Over the next week, his top staff worked arduously to get Christel House its “A.” By Sept. 21, Christel House had jumped to a 3.75.

Bennett claims he fixed a glitch that affected schools that combined grade levels. Christel House was a K-10 school last year and is adding an 11th grade this year.

In an interview with Rick Hess, Bennett explains that 13 schools were penalized for not having an 11th or 12th grade:

In our first run of the new school calculations in Indiana, we turned up an anomaly in the results. As we were looking at the grades we were giving our schools, we realized that state law created an unfair penalty for schools that didn’t have 11th and 12th grades. Statewide, there were 13 schools in question had unusual grade configurations. The data for grades 11 and 12 came in as zero. When we caught it, we fixed it. That’s what this is all about.

Christel House was one of the top charter schools in the state, Bennett told the Tampa Bay Times and Miami Herald. The low grade showed something was wrong with the grading system, he said.

Bennett said that Indiana was in the midst of finalizing its school grading formula when the email exchange took place. He said he had hoped to use high-performing schools like Christel House to calibrate the system.

“We needed to make sure the school grades reflected how the schools really performed,” he said.

Any evaluation system must include a “qualitative reality check,” writes Greg Forster on Jay P. Greene’s Blog. “All educational standards privilege someone’s opinion of what is a good school, and government privileges the opinion of powerful interests.”

 

Common tests lose support

Forty-five states and the District of Columbia are moving forward on Common Core Standards, but support for common testing is eroding, reports StateImpact.

Georgia will use its own exam, instead of the costlier test developed by the Partnership for Assessment of Readiness for College and Careers (PARCC).

Two of Florida’s top elected leaders want Florida to leave PARCC, even though Florida is the fiscal agent for the testing consortium.

Already Alabama, North Dakota and Pennsylvania have left the consortium. Oklahoma plans to design its own test, and Indiana isn’t participating in PARCC governing board meetings right now. State education officials say they’re waiting until after a mandatory legislative review of the Common Core academic standards.

That brings the number of states participating in PARCC down to 18 plus the District of Columbia.

Pennsylvania, Utah and Alabama quit the other testing group, Smarter Balanced Assessment Consortium, which now has 24 members. (Some states had joined both groups.)

The crumbling of the testing consortia is a “disaster,” writes Andy Smarick on Flypaper.

At this point, I won’t be surprised if we end up with 20 or more different testing systems in 2014–15. So much for commonness, so much for comparability. Rigor and alignment with tough standards are likely the next to fall.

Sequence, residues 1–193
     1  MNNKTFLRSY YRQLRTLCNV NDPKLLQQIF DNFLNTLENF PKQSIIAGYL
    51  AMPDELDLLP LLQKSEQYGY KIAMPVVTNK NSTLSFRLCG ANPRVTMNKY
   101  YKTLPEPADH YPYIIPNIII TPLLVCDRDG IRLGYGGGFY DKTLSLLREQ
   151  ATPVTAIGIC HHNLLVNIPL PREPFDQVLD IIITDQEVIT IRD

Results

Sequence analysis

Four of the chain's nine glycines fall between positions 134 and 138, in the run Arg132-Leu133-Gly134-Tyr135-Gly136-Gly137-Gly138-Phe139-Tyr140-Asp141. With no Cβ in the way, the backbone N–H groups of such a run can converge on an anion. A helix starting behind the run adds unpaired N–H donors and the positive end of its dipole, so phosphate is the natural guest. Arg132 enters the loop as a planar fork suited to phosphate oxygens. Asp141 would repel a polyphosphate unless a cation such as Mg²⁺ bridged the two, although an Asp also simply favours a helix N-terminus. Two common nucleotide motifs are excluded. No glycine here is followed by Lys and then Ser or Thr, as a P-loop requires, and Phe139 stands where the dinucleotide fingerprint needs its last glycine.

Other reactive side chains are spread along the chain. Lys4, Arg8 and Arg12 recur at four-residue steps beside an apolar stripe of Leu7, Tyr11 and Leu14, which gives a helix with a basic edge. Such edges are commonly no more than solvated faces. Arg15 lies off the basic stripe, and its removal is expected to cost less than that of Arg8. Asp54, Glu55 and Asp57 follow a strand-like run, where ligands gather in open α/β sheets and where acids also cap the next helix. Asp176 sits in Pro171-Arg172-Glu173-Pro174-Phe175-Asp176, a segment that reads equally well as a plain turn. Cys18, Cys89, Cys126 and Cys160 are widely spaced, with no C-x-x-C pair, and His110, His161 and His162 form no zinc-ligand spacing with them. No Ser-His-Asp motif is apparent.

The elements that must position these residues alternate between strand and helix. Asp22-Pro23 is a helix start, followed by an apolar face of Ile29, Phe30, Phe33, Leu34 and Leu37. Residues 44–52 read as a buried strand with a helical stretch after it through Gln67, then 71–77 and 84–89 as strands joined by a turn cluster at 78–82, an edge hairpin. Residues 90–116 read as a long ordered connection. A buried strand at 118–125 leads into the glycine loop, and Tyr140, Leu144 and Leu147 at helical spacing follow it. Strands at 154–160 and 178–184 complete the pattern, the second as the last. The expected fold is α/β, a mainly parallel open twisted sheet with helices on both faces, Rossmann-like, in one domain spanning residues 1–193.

Blinded by “technocratic hubris,” common assessment advocates “underestimated how difficult it would be to undo decades of state policy and practice on tests,” writes Smarick. Governors and state chiefs will be reluctant to spend lots of money for a testing system that will make their schools and teachers look bad, he predicted six months ago.

The Common Core sky isn’t falling, responds Checker Finn, also a Fordhamite. This is “right sizing.”

The forty-five-state thing was always artificial, induced by Race to the Top greed and perhaps a crowd mentality. Never in a million years were we going to see forty-five states truly embrace these rigorous academic expectations for their students, teachers, and schools, meet all the implementation challenges (curriculum, textbooks, technology, teacher prep, etc.), deploy new assessments, install the results of those assessments in their accountability systems, and live with the consequences of zillions of kids who, at least in the near term, fail to clear the higher bar.

It’s “better for states to drop out in advance than to fake it, pretending to use the Common Core standards but never really implementing them,” Finn writes. “That’s long-standing California-style behavior (fine standards, wretched implementation), in contrast with Massachusetts-style behavior (exemplary standards and serious implementation—and results to show for it).”

Most of the drop-out states will keep the standards, but write their own tests or sign up with ACT. They’ll give comparability, “one of the major benefits of commonality,” Finn writes. Some may change their minds later “or face up to the fact that (like Texas and Virginia) they don’t really want to use the Common Core at all.”

Indiana community colleges may close

Indiana’s rapidly growing statewide community college system, may close up to 20 of its 76 campuses to deal with a $68 million funding gap. Ivy Tech is considered “a national model for statewide efficiency,” but receives only $2,543 per student in state funding.